Monday, November 07, 2011
David M. Berry on the phenomenology of instant search.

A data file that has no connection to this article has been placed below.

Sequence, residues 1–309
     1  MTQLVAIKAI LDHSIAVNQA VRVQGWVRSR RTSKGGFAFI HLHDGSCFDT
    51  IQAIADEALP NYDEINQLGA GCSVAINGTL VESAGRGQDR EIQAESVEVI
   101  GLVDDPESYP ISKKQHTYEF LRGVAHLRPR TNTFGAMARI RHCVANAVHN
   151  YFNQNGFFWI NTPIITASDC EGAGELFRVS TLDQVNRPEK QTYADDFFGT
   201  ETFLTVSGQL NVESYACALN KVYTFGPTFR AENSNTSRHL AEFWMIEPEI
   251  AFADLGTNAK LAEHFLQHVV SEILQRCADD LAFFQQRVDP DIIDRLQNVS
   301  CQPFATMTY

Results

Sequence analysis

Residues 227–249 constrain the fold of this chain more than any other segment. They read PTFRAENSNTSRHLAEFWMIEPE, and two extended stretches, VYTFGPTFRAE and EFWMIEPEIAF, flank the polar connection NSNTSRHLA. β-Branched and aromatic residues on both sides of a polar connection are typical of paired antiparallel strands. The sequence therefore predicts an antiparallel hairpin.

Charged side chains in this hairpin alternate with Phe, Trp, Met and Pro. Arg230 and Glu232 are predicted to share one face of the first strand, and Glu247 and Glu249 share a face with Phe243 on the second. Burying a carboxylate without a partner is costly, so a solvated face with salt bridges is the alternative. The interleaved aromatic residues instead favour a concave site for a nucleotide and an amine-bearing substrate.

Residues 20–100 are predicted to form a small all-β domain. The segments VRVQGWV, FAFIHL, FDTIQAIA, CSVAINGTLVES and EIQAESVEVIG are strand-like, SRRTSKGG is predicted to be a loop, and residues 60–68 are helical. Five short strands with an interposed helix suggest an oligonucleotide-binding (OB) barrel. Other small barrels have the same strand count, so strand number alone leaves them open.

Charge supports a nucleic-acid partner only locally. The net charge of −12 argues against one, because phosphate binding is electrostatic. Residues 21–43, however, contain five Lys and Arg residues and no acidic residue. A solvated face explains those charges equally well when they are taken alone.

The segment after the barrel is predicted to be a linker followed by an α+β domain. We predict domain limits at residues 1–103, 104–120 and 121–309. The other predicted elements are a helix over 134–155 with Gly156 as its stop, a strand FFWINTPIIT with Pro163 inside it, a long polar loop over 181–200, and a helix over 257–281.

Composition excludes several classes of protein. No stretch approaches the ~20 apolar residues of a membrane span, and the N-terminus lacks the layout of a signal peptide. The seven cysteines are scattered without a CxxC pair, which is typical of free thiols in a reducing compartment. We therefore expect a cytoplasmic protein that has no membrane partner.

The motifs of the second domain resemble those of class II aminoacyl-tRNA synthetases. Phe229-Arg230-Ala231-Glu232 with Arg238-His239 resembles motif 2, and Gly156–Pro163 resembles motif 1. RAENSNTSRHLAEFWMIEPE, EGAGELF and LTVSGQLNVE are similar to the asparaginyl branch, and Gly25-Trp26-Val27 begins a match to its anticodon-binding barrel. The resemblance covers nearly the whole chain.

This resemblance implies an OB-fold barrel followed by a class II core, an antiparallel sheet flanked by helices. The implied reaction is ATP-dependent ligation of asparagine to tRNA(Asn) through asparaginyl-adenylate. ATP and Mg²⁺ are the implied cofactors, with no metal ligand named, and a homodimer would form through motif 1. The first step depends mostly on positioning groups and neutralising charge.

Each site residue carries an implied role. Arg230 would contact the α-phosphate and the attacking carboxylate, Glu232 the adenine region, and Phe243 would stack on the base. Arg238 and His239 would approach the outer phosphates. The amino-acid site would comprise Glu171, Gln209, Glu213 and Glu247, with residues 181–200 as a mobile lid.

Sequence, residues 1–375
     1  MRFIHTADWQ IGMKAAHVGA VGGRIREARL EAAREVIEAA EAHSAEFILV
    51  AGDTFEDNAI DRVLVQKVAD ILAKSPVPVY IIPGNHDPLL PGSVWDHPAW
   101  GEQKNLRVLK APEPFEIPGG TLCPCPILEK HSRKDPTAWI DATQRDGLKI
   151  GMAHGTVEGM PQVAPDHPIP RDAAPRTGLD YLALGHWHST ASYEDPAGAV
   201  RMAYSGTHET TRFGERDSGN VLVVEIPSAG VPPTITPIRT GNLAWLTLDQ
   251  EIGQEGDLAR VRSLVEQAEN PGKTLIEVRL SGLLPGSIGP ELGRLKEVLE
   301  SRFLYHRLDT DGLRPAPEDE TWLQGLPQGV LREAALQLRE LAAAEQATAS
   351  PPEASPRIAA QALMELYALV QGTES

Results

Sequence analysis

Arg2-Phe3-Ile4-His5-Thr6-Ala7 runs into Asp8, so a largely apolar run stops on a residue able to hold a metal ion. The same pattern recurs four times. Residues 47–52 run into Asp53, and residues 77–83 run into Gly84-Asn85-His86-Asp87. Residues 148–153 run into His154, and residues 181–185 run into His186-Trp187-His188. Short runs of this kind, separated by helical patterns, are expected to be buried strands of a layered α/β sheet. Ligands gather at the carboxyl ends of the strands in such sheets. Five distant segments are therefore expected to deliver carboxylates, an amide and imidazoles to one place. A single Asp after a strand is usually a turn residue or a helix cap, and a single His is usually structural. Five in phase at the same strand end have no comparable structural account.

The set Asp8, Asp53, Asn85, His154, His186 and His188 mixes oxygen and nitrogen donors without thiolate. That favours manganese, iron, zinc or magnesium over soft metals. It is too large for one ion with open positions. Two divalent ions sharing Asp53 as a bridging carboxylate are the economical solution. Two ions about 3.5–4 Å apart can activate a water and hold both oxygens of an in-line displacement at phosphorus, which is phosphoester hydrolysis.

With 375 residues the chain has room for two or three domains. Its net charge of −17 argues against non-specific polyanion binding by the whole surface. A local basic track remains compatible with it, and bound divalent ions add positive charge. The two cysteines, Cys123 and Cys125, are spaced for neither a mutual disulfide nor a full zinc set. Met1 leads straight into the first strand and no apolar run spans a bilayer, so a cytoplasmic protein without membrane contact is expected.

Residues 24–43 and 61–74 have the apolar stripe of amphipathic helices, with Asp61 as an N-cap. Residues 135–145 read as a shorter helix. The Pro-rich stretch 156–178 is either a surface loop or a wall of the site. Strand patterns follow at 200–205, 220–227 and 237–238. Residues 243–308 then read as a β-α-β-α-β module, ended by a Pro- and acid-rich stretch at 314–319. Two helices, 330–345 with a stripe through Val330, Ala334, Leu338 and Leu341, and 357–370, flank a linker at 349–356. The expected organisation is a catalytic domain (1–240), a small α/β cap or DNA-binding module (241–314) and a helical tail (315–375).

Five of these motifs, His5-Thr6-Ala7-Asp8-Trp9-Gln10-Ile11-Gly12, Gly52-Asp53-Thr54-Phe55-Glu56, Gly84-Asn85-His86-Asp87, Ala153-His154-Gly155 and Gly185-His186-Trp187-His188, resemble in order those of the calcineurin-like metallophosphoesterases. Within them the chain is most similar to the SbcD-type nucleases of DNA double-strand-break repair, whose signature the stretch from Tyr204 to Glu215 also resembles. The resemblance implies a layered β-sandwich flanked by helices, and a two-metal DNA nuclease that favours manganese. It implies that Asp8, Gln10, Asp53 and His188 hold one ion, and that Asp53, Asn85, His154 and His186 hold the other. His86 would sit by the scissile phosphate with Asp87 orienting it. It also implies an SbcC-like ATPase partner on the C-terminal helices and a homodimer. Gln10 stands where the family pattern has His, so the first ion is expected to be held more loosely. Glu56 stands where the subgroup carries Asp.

Google now has an ‘instant’ search, which even removes the requirement to press the Return key or click the search button, actively trying to guess what the user is trying to do, if not steer the direction of their thought. This demonstrates the very lack of withdrawal or semi-withdrawal of computational devices that I wish to explore in this chapter together with the phenomenological implications of this relationship. This is the phenomena of ‘unreadiness-to-hand’ which forces us to re-focus on the equipment, because it frustrates any activity temporarily that is that the situation requires deliberate attention. In the case of Google Instant, one would think that this might make the search process easier or more intuitive, but in fact the situation is quite the reverse, precluding the chance for the user to think about what it is they wish to search for. Conspicuousness, then, ‘presents the available equipment as in a certain unavailableness’, so that as Dreyfus explains, we are momentarily startled, and then shift to a new way of coping, but which, if help is given quickly or the situation is resolved, then ‘transparent circumspective behaviour can be so quickly and easily restored that no new stance on the part of Dasein is required’. As Heidegger puts it, it requires ‘a more precise kind of circumspection, such as “inspecting”, checking up on what has been attained, [etc.]’. This is certainly the case with Google Instant, which with every keystroke constantly updates the screen, requiring more effort to check what has been typed and what is being shown.

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